What a quandary. June is the month of the lupine here in Maine. Everywhere you look, the countryside is lit up like fire with millions upon millions of lupines. Most are brilliant purple, although some are pink and blue. Every year I hunger to see the lupine because I know that the warm weather has truly arrived, and the dog days of summer are soon to follow.
But it’s a quandary. For all of its good qualities, the lupine has bad qualities as well. That the lupine is beautiful and creates a heavenly vision, no one can argue. It is also extremely prolific and helps to hold soil in place in disturbed areas. The bees love it and it helps to feed them. It also improves soil fertility by fixing atmospheric nitrogen in its root nodules. It’s wonderful for helping to colonize volcanic ash and turn an otherwise inhospitable area into a field of greenery.
|A field of lupines.|
But it comes at a price because the lupine has a dark side. Lupine grows so very quickly that it takes over areas at an alarming rate and excludes many plants, especially those that grow slowly. One of those slow-growing plants happens to be native milkweed, the only source of food for the monarch butterfly. Maine is at the northern end of the 2,000-mile-long migration of the monarch butterfly, and they really need that milkweed when they get here. Lupine is also known to make farm animals sick and decreases the value of hay if it is in any great amount in a field. Many of the native grasses and lichens in Maine that thrive in poor soil find the soil too fertile near lupines. Did you ever think that too-fertile soil would be a problem? It can be.
And then there’s the blueberry. Blueberries are the biggest crop in Maine, with potatoes playing a close second. It’s those special little tiny wild Maine blueberries--you know the ones that people from away pay exorbitant amounts to get? Those indescribably delicious, nutritionally loaded little wild blueberries that favor the cold Maine climate? When lupine gets a hold of their fields, it can wreak havoc. Areas that were once covered with blueberries can disappear quickly because of the lupine.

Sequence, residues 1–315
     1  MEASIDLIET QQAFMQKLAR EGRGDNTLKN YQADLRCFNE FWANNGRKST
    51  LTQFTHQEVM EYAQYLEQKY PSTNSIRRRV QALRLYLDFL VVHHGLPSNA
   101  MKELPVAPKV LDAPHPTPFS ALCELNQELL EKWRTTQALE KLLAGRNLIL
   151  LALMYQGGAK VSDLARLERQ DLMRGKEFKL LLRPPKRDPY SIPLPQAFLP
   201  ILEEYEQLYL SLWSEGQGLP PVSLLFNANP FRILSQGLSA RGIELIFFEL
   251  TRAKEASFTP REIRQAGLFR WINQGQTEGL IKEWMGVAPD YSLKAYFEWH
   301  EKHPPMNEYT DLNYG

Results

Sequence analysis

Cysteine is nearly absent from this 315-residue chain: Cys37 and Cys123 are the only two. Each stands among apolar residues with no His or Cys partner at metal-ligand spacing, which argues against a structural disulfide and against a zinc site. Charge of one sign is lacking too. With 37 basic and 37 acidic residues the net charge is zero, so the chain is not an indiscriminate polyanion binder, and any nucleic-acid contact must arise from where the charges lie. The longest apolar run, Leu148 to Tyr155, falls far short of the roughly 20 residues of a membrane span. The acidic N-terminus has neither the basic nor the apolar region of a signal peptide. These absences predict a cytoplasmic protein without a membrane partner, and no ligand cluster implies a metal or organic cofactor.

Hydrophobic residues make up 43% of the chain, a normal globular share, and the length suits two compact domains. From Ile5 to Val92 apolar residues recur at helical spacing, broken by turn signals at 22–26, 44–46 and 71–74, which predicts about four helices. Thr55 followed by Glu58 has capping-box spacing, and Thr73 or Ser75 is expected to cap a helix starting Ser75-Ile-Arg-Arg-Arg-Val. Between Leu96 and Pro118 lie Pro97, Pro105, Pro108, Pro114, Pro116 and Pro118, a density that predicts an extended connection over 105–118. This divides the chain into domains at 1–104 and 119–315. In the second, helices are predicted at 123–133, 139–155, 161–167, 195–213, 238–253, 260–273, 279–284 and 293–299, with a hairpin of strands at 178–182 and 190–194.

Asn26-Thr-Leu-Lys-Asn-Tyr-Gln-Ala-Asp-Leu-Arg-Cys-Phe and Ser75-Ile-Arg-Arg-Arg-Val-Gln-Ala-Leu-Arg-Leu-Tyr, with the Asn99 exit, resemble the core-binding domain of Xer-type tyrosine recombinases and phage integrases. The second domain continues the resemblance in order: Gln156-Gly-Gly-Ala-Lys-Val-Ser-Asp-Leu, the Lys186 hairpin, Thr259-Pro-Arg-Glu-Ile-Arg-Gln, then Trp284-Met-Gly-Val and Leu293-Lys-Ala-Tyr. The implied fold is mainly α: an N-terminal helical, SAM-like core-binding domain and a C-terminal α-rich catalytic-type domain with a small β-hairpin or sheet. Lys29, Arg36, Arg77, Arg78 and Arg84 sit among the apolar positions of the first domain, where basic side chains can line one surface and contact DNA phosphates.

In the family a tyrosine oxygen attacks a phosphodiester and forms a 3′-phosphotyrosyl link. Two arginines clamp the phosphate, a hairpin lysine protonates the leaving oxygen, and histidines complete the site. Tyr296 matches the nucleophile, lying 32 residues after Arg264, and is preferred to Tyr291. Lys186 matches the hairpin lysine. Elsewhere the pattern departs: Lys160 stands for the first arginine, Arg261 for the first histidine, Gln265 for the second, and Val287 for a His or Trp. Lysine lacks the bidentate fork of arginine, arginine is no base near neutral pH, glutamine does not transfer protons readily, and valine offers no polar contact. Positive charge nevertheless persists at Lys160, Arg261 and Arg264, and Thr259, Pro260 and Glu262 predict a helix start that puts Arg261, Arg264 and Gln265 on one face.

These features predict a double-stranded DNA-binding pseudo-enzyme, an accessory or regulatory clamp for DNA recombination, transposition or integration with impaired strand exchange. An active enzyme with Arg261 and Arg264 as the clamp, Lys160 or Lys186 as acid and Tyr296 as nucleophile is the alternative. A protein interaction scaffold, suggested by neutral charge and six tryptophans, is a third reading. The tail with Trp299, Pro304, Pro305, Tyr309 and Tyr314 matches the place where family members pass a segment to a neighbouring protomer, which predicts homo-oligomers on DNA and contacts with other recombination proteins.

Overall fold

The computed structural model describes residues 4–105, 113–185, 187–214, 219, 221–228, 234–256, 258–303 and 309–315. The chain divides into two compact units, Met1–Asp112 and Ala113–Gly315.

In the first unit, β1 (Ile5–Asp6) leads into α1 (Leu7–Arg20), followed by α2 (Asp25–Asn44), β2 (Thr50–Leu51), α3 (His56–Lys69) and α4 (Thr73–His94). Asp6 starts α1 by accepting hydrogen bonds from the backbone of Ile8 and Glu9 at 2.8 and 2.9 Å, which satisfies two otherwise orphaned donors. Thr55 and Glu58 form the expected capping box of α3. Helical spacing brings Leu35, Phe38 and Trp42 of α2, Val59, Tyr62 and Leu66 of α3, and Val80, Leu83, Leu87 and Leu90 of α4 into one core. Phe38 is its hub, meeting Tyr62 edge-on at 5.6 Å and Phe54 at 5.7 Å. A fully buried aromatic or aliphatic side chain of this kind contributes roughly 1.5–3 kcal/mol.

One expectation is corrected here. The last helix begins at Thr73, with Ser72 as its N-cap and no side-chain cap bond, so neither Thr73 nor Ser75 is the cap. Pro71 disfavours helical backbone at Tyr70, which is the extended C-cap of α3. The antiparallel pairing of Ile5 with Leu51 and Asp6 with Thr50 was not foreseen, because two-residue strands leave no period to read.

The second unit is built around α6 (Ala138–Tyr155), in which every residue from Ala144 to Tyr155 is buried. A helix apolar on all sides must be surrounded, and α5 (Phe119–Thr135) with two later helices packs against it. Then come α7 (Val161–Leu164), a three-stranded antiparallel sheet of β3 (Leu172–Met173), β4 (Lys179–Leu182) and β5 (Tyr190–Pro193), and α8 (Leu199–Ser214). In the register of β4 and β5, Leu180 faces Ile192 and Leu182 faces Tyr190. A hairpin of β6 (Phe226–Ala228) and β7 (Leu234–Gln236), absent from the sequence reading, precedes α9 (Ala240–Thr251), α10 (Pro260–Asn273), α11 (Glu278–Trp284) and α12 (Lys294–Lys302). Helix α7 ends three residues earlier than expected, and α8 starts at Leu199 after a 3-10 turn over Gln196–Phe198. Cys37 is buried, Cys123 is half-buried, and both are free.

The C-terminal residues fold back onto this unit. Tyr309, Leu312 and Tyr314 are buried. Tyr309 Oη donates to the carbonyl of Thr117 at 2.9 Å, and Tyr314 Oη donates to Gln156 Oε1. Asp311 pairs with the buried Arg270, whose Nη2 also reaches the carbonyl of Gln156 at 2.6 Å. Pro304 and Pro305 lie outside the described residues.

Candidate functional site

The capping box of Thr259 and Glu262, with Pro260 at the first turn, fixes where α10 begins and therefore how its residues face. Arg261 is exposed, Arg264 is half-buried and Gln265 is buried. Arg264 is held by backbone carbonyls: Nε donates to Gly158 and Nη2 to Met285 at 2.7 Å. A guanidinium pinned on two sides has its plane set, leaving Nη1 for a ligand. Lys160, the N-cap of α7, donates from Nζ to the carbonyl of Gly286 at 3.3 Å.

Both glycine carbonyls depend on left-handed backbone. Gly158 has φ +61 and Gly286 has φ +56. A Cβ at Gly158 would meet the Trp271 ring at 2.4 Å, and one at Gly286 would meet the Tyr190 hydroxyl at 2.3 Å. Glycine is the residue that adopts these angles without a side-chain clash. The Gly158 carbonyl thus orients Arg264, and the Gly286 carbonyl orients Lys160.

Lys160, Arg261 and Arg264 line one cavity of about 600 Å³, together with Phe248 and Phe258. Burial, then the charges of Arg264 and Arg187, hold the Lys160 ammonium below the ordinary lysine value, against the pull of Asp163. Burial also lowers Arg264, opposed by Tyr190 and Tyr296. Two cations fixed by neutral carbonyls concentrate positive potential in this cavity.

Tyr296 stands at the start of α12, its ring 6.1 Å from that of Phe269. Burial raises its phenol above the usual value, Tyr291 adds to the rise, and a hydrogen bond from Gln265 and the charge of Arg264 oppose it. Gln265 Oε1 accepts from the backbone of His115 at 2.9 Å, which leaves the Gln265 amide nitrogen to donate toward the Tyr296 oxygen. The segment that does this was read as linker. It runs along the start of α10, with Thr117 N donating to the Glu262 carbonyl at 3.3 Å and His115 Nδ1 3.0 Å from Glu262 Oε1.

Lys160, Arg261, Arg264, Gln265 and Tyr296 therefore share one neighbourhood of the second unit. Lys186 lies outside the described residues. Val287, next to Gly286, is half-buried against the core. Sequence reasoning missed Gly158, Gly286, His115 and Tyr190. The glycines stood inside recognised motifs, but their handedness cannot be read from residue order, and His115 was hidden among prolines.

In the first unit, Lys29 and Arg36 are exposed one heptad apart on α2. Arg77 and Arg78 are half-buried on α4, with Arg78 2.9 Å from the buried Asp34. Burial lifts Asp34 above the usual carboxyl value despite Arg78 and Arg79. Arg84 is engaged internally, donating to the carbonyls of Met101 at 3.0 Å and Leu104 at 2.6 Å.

There are some rare grasses that grow only in Maine and nowhere else in the world, such as the Orono sedge. Who knows what we might someday learn from this rare grass? Don’t forget that wheat is also a grass. Maybe learning the unique qualities of grasses which have been untouched by time could someday help us in improving wheat in a sustainable and healthy way. But the lupine is edging the Orono sedge out slowly but surely. And that’s just one of the unique plants that grow only in cold-loving Maine.
Still . . . I can’t help but adore the lupine. My eyes are drawn to its fantastic beauty. I’m afraid this photo doesn’t nearly capture the stunning qualities of the lupine up close and personal. There has to be a way that we, as good stewards of the land, can allow the lupine to flourish and yet safeguard the other rare beauties of Maine. For now, I will just enjoy the sight of the lupine, but I will not spread its seed (as so many people mistakenly do out of romantic fantasies) or purposely cultivate it. It is meant to be admired from afar.